Since we first began visiting the island, we’ve spent almost every New Year’s Eve celebration on Bequia.
The first, was when we arrived on Dec. 31, 1988, and had no idea at all what to expect – from the island, the people, or their celebrations. Having just travelled all the way to the Caribbean from Calgary – a trip which at that time took us two days and an overnight in St. Vincent – we were bushed and went to bed before 12:00, only to be wakened shortly thereafter by what sounded like gunfire.
We were staying at the then-still-open Plantation House, in one of the little cabins, since the central building had recently burned to the ground. The open-air bar was doubling as a reception/office and restaurant for the time being. We had never been big on New Year’s Eve celebrations in any case, as neither of us like crowds or celebrating with people we don’t know, so we didn’t mind leaving the party before it even got started. But we had no idea until the next day what exactly we had missed. And we weren’t to know until a couple of years later when we came back to Bequia again that New Year’s Eve, or Old Year’s Night as it’s known here, is really a big deal and everyone on the island becomes involved in some way or another. (NYE 1989 we spent drinking champagne on a plane that was sitting on a tarmac at Mirabel Airport in Montreal, stuck due to bad weather.) And the Bequia celebration goes on, for those with the necessary stamina, and on and on until about 6:30 a.m. on New Year’s Day morning. Now that we own a house that’s situated above the main road, we are witnesses every year to the endless stream of traffic and people, after midnight celebrations end in town at The Frangi around 12:30, of revellers making their way towards the all-night beach celebration held annually at De Reef in Lower Bay. Then the next morning we hear and see all the stragglers drunkenly weaving their way back into town. It’s tradition!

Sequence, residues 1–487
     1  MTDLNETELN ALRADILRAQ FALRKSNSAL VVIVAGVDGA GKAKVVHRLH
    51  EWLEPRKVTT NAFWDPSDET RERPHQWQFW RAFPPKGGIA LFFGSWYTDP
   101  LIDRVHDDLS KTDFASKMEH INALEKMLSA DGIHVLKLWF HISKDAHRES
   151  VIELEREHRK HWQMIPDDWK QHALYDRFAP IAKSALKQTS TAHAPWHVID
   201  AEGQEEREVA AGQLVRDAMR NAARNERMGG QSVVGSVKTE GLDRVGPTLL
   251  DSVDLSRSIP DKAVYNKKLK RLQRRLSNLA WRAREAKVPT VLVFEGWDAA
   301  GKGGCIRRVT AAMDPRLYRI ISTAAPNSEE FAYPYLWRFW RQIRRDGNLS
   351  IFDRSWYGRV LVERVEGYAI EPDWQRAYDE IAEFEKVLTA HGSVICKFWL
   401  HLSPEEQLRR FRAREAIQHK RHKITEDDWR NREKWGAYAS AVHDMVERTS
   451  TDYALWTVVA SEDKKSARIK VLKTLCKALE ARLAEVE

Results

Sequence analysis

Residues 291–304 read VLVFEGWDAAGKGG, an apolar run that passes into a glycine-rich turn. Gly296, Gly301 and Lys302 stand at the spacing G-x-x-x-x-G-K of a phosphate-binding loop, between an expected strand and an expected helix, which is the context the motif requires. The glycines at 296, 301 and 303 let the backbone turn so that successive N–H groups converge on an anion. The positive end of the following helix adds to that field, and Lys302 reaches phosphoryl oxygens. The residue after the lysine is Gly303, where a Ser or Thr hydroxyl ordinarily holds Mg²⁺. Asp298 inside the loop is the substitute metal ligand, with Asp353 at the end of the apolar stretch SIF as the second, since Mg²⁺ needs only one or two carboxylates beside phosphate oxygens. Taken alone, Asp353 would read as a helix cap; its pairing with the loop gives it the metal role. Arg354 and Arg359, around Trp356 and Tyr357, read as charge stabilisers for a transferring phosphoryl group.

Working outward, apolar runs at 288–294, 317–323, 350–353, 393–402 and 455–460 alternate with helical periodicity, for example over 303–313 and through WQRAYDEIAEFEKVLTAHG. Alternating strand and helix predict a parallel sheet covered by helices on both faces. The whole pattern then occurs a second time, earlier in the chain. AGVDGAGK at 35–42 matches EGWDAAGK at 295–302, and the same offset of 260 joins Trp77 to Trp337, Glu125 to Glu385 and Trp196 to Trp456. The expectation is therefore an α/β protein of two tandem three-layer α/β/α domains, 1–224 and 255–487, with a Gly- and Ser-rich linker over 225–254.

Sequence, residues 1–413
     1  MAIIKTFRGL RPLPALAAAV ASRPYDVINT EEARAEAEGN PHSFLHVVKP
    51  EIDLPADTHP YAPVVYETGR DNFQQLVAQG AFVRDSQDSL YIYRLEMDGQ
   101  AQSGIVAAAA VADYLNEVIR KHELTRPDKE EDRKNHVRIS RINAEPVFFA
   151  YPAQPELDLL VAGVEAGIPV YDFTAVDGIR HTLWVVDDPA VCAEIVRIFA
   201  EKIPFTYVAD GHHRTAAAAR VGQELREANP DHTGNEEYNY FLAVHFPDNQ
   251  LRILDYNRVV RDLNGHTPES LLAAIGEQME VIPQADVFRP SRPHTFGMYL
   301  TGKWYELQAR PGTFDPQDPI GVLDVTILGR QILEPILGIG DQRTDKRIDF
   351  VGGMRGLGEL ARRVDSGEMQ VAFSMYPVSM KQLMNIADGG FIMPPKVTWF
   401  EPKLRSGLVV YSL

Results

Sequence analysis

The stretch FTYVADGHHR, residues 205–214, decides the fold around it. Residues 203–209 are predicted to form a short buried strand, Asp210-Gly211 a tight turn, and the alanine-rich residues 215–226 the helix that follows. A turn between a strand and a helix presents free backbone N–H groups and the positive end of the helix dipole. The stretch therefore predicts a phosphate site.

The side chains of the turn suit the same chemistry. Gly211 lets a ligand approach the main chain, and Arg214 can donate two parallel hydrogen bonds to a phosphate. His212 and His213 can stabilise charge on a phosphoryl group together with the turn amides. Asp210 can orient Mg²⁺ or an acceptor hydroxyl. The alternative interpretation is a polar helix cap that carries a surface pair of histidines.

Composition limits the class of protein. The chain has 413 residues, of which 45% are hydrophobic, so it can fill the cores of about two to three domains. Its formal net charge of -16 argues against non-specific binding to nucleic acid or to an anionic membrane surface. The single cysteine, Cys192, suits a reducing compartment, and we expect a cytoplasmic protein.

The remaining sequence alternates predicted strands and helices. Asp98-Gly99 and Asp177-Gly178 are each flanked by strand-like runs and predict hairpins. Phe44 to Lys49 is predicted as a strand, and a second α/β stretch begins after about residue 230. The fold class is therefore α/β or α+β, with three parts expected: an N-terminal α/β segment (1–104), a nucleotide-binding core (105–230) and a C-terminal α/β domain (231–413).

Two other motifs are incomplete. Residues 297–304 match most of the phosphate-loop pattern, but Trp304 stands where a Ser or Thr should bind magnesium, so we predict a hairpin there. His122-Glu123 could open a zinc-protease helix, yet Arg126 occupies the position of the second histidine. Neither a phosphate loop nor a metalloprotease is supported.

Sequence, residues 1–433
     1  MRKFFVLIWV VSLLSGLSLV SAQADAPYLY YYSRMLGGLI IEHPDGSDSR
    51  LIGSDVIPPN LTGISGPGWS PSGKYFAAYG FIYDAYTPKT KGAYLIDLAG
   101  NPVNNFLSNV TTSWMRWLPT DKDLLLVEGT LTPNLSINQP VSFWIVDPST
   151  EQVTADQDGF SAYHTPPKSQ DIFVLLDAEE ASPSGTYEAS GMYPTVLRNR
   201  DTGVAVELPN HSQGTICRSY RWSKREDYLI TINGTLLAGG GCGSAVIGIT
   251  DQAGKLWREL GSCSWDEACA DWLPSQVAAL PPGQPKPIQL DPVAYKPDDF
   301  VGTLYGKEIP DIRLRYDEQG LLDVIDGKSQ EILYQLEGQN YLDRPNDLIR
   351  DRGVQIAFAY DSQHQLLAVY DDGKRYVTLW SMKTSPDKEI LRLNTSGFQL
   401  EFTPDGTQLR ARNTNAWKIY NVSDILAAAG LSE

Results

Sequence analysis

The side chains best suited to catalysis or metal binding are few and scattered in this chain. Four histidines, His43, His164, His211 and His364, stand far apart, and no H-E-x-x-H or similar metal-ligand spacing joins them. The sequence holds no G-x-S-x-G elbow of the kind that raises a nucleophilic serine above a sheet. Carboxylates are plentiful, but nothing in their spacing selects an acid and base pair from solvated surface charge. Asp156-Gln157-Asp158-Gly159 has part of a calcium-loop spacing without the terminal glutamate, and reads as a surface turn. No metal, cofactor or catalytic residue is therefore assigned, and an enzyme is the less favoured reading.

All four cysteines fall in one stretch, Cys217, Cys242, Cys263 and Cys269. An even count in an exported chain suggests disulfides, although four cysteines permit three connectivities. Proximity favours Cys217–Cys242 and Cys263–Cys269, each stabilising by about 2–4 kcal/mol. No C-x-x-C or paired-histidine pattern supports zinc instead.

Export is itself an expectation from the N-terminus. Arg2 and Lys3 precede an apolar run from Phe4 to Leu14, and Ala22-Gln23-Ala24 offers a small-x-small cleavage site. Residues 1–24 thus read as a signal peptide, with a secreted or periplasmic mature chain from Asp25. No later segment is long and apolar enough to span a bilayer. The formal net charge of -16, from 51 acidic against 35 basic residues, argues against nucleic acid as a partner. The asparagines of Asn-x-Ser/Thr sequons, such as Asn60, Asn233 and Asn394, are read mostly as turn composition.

We did take part in this all-night ritual – once … but with age we prefer to sit on our verandah, eat a lovely late dinner, then drink champagne at midnight while listening to Eric Clapton’s Layla, full blast.
Over on neighbouring-island Mustique, the celebrations begin at 7 p.m. to mark midnight and the New Year in Europe, since most of the homeowners and vacationers on the island are from the UK. We could always walk up over the hill and see the fireworks display they set off every year, although that was kind of tiny and unspectacular, viewing it from 6 miles away.
Since Old Year’s Night 1999, there has been a fireworks display organized on Bequia every year and run by several friends who do take their job rather seriously, even though they refer to themselves as the “Bang Gang”. They’ve become more professional as the years have passed and we very much look forward to enjoying the show from what we consider to be the best view in the harbour!
Here’s the link to a professional video created of last year’s display. And my not-so-professional video of what we saw from The View last year.
So that’s what we’ll be doing this evening to celebrate the end of the Old Year and the beginning of 2016!
My hope to all of you reading this is that everyone enjoys an equally satisfying celebration – no matter where you are, who you are with, and whatever you plan to do to mark Auld Lang Syne!
(Oh, and those gunshots we heard the very first Old Year’s Night we spent on Bequia … They turned out to be boat flares – dozens and dozens of boat flares, mostly red in colour, that were being shot off from boats in the harbour as well as from land. People still shoot them off now, even with the advent of fireworks, but not as many … so not nearly as dangerous any longer. You just never knew where those burning blobs of red phosphorous would land!)
You are most welcome here! Enjoying the view with me from my trailer or verandah.